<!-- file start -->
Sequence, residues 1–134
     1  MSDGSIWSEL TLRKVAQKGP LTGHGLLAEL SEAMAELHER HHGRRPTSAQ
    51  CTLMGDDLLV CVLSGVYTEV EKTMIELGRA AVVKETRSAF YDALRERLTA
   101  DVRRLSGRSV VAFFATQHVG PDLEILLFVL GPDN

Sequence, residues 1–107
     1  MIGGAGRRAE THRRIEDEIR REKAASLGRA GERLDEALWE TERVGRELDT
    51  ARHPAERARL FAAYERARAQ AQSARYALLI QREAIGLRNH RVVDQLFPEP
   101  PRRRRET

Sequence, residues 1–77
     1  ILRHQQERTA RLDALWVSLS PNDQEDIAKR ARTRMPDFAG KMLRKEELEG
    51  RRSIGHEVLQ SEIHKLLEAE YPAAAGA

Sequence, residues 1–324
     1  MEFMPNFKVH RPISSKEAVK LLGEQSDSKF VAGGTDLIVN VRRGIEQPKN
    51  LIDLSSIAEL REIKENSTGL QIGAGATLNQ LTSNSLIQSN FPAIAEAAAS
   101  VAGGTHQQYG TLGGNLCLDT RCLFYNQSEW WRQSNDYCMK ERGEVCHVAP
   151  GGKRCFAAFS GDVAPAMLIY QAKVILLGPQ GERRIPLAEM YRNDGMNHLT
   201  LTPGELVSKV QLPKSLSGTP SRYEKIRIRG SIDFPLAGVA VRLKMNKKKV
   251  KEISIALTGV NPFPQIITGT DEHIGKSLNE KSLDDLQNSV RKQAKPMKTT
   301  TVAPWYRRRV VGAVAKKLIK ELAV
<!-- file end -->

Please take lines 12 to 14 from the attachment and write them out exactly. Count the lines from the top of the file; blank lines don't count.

Sequence, residues 1–324
     1  MEFMPNFKVH RPISSKEAVK LLGEQSDSKF VAGGTDLIVN VRRGIEQPKN
    51  LIDLSSIAEL REIKENSTGL QIGAGATLNQ LTSNSLIQSN FPAIAEAAAS